Denmark’s former children’s ombudsman has accused the government of “criminalising decency” as hundreds of people are prosecuted under human trafficking laws for helping refugees.
Lisbeth Zornig is one of almost 300 Danes to be taken to court for giving asylum seekers lifts around the country or to neighbouring Sweden.
She and her husband Mikael Lindholm say they did not mean to contravene any laws when they helped a family of Syrians in September, driving from southern Denmark to Copenhagen.
The couple, who are appealing their sentence, were handed a combined fine of 45,000 krone (£4,700) by judges in the city of Nykøbing Falster on Friday after being convicted under the Danish Aliens Act.
They are among the first to be sentenced out of almost 300 Danes being prosecuted for transporting refugees in what has been condemned as a “clear political signal” aimed at dissuading volunteers.
“We were found guilty of human smuggling,” Ms Zornig told The Independent. “But I didn’t smuggle anyone – that’s something you do in secret but there were at least three police officers around my car.”
She was one of dozens of Danes who picked up refugees on 7 September last year after a train from Germany was stopped in the Danish border town of Rødby.
Footage showed scenes of confusion and panic as asylum seekers fled police on the station platform, running into the surrounding fields to start their long walk along a motorway to Sweden.
Ms Zornig described how she was driving through the Danish island of Lolland when she came to a column of migrants trudging along the side of the road, escorted by authorities.
She said: “We had only seen scenes like it on the television and suddenly they were walking in Denmark carrying their children, without anything but the clothes they were wearing.”
Feeling unable to drive past, she stopped and got talking to a Syrian family of two twin sisters, their mother and three others who were attempting to reach family in Sweden.
“They were six people and I had six places in my car,” Ms Zornig said. “There were small children and I couldn’t leave them, I thought ‘I’m going to Copenhagen anyway, so I’ll give them a lift’.
“I didn’t know it was illegal.”
But there was already news in Denmark of possible prosecutions for “human trafficking” in similar circumstances, and her husband called the police to check if they would be arrested.
Mr Lindholm did not get a definite response, so he invited his wife to bring the refugees to their home for a brief break before they continued their journey.
“The police didn’t seem to know themselves at that time because no one had experienced this before,” Ms Zornig said.
“We stopped at the house for a cup of coffee and some cookies, then my husband drove them to the railway station.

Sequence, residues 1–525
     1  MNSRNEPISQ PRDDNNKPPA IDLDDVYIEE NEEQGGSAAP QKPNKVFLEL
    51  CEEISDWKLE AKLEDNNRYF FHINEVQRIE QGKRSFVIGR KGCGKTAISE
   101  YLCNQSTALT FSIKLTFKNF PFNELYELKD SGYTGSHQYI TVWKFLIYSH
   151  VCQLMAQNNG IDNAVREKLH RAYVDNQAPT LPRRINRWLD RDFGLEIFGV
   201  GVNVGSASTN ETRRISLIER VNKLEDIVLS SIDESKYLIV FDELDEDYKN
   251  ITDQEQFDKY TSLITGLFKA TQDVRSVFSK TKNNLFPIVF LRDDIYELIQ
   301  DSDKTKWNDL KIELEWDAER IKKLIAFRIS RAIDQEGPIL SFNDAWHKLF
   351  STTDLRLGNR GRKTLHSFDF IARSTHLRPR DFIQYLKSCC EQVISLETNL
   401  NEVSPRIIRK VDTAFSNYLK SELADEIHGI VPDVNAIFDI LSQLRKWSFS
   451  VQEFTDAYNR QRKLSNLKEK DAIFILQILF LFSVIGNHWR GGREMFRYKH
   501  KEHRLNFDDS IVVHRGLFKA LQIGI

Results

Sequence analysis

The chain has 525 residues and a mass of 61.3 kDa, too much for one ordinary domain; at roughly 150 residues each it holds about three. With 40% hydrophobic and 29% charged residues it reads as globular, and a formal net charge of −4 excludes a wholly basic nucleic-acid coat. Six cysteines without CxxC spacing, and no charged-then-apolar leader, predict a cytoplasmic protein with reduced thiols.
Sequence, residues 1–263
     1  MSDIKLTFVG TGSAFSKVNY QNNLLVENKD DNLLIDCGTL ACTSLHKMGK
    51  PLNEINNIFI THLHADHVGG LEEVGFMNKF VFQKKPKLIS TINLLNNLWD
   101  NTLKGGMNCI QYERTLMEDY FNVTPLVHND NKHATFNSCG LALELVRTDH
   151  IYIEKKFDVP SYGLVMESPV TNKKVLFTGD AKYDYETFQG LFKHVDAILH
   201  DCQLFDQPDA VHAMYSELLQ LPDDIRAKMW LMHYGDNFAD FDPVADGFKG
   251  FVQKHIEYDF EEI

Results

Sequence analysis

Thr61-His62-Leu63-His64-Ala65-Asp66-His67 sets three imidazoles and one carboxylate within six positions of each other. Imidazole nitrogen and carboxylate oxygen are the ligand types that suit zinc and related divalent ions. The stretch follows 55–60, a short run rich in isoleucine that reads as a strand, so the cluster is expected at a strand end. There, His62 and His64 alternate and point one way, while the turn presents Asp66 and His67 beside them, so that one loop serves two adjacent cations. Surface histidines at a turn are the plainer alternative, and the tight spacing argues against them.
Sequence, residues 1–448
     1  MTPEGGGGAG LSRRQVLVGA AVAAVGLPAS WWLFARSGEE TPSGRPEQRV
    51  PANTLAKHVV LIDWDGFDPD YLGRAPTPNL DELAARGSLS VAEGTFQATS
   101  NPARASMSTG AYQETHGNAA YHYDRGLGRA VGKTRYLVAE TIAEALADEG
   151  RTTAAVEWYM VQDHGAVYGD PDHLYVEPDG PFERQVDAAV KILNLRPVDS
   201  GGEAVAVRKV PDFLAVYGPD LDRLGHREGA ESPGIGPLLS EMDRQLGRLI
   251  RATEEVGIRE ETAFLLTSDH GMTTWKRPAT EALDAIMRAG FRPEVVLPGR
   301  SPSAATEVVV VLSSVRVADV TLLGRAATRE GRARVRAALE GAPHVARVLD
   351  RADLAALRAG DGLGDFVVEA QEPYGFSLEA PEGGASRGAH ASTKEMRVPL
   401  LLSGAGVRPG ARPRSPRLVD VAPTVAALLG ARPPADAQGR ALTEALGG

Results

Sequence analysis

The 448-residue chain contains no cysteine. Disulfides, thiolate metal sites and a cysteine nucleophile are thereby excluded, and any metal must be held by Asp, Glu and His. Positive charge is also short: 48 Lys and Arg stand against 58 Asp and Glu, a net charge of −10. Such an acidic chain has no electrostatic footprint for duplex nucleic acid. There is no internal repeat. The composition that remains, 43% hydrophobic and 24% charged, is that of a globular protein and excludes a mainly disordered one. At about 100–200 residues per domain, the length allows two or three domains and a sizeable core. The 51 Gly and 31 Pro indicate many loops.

“That’s what he was prosecuted for – giving them coffee and a lift. It only lasted an hour.”
The couple received a letter in October announcing the prosecution and were each fined 22,500 krone (£2,300) in a sentence decided by three judges at Nykøbing Falster court.
“We have jobs so we will manage but other people awaiting sentencing are poor – they are studying or retired – they can’t afford it,” Ms Zornig said.
Within hours of Friday’s verdict, outraged Danes had started raising money to cover their fine but the couple want to pass the money on to those who need it more as the prosecutions continue.
Since 6 September last year, at least 279 Danes have been charged with people smuggling and the number is expected to rise as the refugee crisis continues.
Ms Zornig said she was “shocked and angry” at the move, which she said amounted to “criminalising decency”.
“I think they want to send a clear signal that refugees have to stay away from Denmark,” she added.
“A lot of people are very angry – the government doesn’t have to do this but it is choosing not to apply exemptions to the law.”
Ms Zornig, who served as the head of Denmark’s National Council for Children from 2010 to 2012, rose to prominence after a documentary on her abusive childhood and an ensuing autobiography, and has gone on to campaign for abuse victims and vulnerable groups.
Her supporters have organised several protests and rallies, writing on Facebook to hail the compassion shown by the author and other volunteers.
“It is not a criminal offence to help fellow human beings fleeing from war,” a statement said. “Let us show that decency and sense of duty still exists in Denmark…civil society showed courage and stepped in where politicians failed.”
Denmark’s controversial law allowing authorities to seize asylum seekers' cash and valuables to “pay for their stay” sparked international condemnation earlier this year but several other countries have introduced similar measures as Europe’s attitude towards asylum seekers hardens.
Volunteers across Denmark have continued to help migrants on their journeys but could be discouraged by a mounting wave of prosecutions, which could see people punished with large fines or up to two years imprisonment.
Critics have called the laws “outdated and inhumane” but campaigns to change it seem unlikely to see success as Scandinavian nations continue to tighten border controls.
A 2002 directive from the Council of the European Union stipulates that anyone who intentionally assists irregular migrants to “enter or transit across” a country in breach of national law can be prosecuted – particularly those take payment to do so.
It says that sanctions can be lifted in cases where “the aim of the behaviour is to provide humanitarian assistance”, but the waiver is optional.
A United Nations protocol on migrant smuggling, however, defines the act as exclusively motivated by a “financial or other material benefit”.
The Danish Ministry of Justice declined to comment.
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